Gearing up for summer means preparing for the influx of children who are finished with school and ready for the lazy days of summer. It is important to remember that the summer reading program is a service that public libraries do best; one that places us directly into the educational realm. Public library summer reading programs are the link between grade levels and prevention of the summer slide. The summer reading program is the ultimate blend of multi-generational programming, marketing, advocacy, and collection promotion.
Don’t forget to build multiple entry points into your program to appeal to the wide variety of readers who will participate— families, preschoolers, children, teens, even non-library users.. Programs that provide incentive for time or days spent reading encourage non-readers and struggling readers to stay reading all summer. A flexible program can include extra levels and reading choices for strong readers.
The Role of Themes
For some, having a new theme each year may seem like busy-work, but changing them each year can play an integral role in the program’s success. Different themes appeal to different audiences, creating new opportunities to reach out to new users. A musical theme will appeal to a different group of children than a scientific theme, for example.
New themes also provide new collection marketing opportunities each year. A space theme allows librarians to highlight books on astronomy, while a pet theme highlights animal-related sections. This also creates innovative readers advisory opportunities every summer.
Themes also offer a fresh look to the program, additional marketing opportunities, and chances for collaboration with new partners. A music program allows you to tap the musicians in your community. An animal theme opens the door to a partnership with the local veterinarian or animal shelter.
For longtime summer reading program organizers, it is easy to fall into the routine of seeking out as many prizes as you can find. Keep in mind that there are pros and cons to providing prizes. In particular, studies have shown that non-literacy prizes may not be a good fit with summer reading.
To spice up your program, dig into the idea of “gamification” – using the idea of “library as place” as incentive. Use game-related concepts to make library visits fun. Enhance preschoolers’ early learning by adding play spaces. Create intrinsic motivation for children to use the library by offering a passive program or interactive display. This will help encourage both library usage and love of reading.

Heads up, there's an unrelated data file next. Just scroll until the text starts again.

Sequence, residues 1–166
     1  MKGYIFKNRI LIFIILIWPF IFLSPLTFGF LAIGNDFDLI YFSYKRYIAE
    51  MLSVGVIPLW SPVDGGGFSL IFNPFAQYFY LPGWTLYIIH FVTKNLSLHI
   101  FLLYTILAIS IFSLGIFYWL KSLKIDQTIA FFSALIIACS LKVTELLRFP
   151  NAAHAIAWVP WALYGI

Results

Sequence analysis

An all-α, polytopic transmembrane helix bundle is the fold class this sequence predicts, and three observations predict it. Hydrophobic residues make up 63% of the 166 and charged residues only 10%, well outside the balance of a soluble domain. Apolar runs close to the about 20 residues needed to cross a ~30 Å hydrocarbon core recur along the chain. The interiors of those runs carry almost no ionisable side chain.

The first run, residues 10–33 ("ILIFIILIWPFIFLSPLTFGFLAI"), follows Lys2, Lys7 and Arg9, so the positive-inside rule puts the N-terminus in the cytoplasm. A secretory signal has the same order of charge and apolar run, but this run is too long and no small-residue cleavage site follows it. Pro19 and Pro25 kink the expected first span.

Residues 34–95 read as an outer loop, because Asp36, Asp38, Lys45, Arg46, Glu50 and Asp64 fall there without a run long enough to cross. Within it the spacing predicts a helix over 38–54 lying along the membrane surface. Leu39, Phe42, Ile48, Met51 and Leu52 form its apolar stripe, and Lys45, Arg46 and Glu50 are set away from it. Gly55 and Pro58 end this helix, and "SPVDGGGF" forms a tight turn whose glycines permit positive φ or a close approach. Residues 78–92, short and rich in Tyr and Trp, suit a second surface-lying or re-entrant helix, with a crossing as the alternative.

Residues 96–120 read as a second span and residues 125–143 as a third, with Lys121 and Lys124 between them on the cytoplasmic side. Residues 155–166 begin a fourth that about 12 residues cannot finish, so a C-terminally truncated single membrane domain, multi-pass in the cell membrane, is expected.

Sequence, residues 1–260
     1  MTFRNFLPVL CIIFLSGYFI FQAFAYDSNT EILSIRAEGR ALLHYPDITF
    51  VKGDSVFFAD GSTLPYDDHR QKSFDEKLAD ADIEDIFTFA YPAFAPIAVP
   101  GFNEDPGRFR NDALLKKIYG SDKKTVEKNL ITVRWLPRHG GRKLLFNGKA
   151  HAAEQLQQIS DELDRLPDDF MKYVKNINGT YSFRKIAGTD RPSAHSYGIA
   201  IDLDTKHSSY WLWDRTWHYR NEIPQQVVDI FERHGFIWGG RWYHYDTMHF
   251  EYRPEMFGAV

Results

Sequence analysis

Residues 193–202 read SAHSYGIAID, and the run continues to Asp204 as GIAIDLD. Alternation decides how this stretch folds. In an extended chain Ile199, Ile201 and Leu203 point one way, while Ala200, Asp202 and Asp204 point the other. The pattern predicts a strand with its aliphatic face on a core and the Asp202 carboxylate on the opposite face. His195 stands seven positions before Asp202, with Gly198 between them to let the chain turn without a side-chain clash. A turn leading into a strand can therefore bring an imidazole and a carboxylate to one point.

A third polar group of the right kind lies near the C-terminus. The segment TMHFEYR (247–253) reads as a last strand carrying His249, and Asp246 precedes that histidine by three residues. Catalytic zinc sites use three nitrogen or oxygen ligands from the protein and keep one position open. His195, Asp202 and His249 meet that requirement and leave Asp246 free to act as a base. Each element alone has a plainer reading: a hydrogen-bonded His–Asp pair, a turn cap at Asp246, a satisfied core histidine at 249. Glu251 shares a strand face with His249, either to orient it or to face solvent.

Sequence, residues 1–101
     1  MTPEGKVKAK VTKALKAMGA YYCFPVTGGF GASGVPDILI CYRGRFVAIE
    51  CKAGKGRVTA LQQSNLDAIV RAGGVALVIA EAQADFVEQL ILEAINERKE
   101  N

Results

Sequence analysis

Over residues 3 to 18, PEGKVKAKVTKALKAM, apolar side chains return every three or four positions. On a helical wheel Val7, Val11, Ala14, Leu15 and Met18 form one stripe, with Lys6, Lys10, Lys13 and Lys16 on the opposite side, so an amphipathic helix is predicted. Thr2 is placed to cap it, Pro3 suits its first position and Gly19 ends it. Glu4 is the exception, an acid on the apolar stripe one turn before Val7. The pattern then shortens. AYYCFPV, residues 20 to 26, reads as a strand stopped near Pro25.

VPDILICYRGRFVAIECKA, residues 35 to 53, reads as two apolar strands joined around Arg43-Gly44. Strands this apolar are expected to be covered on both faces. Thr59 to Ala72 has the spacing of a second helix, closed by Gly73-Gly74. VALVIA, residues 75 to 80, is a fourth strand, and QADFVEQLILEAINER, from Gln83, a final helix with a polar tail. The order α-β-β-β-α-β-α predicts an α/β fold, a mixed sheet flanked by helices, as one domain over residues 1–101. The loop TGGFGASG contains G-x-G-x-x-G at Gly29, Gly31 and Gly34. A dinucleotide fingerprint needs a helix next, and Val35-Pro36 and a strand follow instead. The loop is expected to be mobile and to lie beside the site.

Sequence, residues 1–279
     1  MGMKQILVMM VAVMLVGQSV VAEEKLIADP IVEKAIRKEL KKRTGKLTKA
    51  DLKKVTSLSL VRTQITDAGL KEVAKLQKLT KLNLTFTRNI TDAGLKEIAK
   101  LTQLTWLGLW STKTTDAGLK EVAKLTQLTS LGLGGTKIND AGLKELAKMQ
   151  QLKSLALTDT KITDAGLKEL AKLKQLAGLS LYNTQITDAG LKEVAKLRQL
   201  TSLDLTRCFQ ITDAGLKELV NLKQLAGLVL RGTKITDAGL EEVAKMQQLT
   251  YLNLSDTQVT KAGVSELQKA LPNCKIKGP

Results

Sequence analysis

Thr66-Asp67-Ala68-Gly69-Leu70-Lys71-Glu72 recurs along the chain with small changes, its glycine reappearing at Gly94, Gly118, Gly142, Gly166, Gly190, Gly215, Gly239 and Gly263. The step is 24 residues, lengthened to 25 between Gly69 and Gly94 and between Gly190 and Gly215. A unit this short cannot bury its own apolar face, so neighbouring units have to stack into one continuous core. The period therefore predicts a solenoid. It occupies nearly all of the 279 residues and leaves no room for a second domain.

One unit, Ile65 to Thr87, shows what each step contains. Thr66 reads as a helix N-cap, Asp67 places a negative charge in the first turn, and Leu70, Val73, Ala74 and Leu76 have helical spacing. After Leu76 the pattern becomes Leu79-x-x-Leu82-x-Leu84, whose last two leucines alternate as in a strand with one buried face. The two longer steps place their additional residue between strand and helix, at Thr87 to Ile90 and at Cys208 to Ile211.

Preventing the Summer Slide
Summer reading programs are essential in closing the achievement gap and preventing reading level loss. Studies show that participation in a summer reading program raises student reading levels, particularly for at-risk youth. Children living in poverty are more likely to lose reading skills over the summer than children whose families are more affluent. The California Summer Reading Program, provides great background materials and publicity that highlight these studies.
Summer learning loss is cumulative. By the end of 6th grade, children who lose reading skills over the summer are two years behind their classmates. Children from families with low income are particularly at risk. The nonprofit organization National Summer Learning Association produced this powerful video demonstration of summer learning loss impact.
SRP develops good habits – like using the library to improve reading skills, and love and enthusiasm for reading, especially in multiple formats. According to the Wisconsin Department of Public Instruction, reading just five books over the summer prevents reading loss. Students who participate in SRP score higher in reading achievement tests at the beginning of the next school year than those who do not participate. Teachers have reported that the most dramatic difference between students who participated was in their enthusiasm for reading. The more children read, the better their fluency, vocabulary and comprehension.
The next time you are out soliciting incentives for your program, remember to share information about the importance of this program with your donors. Get the message out to your community partners and stakeholders that the summer reading program in your community is more than just a way to encourage library use, it is brilliantly structured fun that keeps kids learning all summer. Class visits are a great opportunity to promote both the program and the library and raise the level of library awareness in your community. Remember to include enough information in your presentations to inform any adults, like teachers and parents, in the room as well as the children.
For more information and resources on gamification, incentives, and purposeful summer reading check out these resources:
Kohn, Alfie. Punished by Rewards: the trouble with gold stars, incentive plans, A’s, praise and other bribes. New York, N.Y.: Houghton Mifflin Co., 1993.
Nicholson, Scott. Everyone Plays at the Library. Creating great gaming experiences for all ages. Medford, N.J.: Information Today, Inc., 2010.
Springen, Karen. “How to Create a Knockout Summer Literacy Program.” School Library Journal. March, 17 2014.
Tags: summer programming